Why in news?
Recently there has been a spike in demand for a rare blood type called Bombay blood group.
About the Bombay blood Group:
- Blood types are divided into four common blood groups under ABO’s blood group scheme, i.e. A, B, O, AB.
- Each red blood cell has a surface antigen that helps to determine which group it belongs to.
- Depending upon a person’s ABO blood type, the H antigen is converted into either the A antigen, B antigen, or both.
- If a person has group O blood, the H antigen remains unmodified.
- Therefore, the H antigen is present more in blood type O and less in blood type AB.
- In the Bombay blood group, individuals have inherited two recessive alleles of the H gene (i.e. their genotype is hh).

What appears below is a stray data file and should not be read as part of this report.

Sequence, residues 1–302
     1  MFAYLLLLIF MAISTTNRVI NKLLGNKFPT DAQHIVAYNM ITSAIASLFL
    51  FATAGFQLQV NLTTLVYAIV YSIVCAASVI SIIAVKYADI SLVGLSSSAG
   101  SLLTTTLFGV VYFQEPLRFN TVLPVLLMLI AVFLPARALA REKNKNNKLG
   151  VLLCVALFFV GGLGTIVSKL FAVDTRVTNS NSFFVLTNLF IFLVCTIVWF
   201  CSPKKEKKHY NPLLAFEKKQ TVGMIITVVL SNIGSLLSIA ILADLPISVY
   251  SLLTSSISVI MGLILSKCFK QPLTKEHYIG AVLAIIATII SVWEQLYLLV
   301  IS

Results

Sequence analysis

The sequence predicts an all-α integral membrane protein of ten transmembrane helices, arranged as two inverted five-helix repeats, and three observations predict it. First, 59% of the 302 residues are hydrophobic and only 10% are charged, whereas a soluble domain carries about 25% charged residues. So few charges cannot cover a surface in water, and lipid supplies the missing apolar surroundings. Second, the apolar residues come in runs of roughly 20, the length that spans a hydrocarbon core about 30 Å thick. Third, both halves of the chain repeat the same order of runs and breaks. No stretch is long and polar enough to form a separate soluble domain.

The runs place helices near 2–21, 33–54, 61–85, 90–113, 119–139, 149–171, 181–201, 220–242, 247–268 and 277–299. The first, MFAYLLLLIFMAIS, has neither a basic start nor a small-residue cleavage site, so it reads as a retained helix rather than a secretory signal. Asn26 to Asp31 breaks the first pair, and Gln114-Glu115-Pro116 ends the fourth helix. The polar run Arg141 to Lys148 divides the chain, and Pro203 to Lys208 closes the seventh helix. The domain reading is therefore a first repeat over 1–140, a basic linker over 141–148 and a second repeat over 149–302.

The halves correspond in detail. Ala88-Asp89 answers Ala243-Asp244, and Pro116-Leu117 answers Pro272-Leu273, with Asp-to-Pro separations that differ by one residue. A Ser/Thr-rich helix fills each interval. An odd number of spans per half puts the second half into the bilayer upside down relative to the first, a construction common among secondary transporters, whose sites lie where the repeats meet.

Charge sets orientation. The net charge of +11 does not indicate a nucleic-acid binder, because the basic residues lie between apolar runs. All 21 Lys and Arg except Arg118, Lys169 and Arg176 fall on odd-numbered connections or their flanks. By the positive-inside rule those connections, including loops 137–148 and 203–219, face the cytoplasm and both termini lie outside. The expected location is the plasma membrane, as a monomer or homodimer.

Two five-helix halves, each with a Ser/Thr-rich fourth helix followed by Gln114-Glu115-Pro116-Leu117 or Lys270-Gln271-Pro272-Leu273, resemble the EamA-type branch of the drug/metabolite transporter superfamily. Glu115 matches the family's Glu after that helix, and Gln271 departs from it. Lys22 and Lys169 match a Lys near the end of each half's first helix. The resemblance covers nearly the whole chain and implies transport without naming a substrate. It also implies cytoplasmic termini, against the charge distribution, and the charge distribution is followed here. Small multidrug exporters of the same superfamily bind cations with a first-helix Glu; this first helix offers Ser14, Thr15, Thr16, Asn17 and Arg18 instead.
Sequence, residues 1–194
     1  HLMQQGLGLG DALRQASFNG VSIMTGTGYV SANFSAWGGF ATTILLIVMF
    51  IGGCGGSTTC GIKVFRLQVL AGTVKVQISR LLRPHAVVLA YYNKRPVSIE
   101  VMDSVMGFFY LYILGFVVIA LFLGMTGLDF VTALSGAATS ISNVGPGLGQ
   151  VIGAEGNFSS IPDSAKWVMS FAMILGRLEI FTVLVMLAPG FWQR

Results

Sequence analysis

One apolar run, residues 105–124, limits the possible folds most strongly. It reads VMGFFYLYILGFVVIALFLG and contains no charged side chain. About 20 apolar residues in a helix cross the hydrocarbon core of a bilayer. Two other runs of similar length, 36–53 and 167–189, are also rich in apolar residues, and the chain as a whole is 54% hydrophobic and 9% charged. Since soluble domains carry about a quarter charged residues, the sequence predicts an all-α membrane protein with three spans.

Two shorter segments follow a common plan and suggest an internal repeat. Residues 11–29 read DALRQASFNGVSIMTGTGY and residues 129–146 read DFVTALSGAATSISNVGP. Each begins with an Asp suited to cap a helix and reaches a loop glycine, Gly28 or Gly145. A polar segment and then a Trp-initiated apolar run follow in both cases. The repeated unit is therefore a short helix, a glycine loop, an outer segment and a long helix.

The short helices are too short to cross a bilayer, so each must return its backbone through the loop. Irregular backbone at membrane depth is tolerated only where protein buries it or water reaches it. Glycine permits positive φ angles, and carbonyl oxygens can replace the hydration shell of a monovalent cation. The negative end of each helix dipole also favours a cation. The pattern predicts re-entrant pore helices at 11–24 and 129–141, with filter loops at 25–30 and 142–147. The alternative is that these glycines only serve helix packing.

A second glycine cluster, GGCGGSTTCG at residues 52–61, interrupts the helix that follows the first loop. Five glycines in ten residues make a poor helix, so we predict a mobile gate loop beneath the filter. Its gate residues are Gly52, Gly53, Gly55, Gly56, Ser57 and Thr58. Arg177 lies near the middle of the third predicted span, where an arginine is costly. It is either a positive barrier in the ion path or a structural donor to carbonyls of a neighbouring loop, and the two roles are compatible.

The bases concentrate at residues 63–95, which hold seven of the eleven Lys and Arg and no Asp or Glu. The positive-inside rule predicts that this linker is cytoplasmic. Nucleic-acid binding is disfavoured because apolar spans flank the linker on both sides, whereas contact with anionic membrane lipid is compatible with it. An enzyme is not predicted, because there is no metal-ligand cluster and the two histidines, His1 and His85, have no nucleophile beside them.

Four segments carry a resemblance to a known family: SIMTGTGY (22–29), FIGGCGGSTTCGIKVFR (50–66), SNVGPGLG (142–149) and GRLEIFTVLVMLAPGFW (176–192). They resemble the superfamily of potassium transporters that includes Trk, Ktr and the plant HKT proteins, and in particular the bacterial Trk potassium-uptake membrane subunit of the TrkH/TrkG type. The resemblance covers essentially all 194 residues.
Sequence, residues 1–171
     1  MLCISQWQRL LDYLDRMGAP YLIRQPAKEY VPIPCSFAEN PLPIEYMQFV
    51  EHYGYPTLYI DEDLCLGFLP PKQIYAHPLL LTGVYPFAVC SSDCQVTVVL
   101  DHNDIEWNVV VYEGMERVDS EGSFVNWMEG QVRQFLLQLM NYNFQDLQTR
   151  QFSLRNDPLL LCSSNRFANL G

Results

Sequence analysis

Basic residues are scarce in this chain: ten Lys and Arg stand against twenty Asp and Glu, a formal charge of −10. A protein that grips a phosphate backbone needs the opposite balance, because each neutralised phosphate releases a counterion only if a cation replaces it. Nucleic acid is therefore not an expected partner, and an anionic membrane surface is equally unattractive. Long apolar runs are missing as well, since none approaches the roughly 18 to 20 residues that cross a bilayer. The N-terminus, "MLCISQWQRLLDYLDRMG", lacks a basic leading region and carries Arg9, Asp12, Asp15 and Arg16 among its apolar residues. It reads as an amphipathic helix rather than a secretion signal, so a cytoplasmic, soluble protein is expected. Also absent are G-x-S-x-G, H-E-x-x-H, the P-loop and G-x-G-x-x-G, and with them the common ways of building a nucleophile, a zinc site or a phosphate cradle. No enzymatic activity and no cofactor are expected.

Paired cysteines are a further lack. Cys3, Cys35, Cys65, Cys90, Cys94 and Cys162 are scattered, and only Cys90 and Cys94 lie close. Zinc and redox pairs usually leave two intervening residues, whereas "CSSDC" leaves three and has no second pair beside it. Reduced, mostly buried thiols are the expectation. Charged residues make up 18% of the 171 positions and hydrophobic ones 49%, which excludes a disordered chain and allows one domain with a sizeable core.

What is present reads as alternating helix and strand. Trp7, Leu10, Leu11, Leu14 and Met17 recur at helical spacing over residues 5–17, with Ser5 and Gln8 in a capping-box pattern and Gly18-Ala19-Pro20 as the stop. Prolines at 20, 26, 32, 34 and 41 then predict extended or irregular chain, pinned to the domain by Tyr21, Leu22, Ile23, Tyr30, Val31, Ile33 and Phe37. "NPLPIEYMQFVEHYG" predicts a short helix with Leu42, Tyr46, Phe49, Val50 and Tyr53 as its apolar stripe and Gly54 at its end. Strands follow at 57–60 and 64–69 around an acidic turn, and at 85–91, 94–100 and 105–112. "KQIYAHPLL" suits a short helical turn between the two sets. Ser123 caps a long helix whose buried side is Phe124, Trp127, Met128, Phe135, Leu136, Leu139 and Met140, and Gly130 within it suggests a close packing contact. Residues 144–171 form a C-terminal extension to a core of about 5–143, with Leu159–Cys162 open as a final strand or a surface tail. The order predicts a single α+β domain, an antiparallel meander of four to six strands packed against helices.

- This means that there is no antigen H in the RBC of the hh blood group.
- Dr Y M Bhendefirst discovered the rare Bombay blood group in 1952 in Mumbai (then in Bombay).
- The occurrence of the hh blood type is one in four million worldwide.
- Nevertheless, because of inbreeding and close marriage between groups, the blood type is more prevalent in South Asia than anywhere else.
- In India, between 7,600 and 10,000 people are born of this kind.
- Because of the rare hh blood type, patients experience blood transfusion problems, which often lead to death.
- Individuals with the blood group of Bombay can only transfuse blood from people with a very unusual Bombay hh phenotype.
- This is not usually stored in blood banks, particularly because it is rare and blood shelf-life is 35-42 days.
- Hh blood group, on the other hand, can donate their blood on ABO blood types.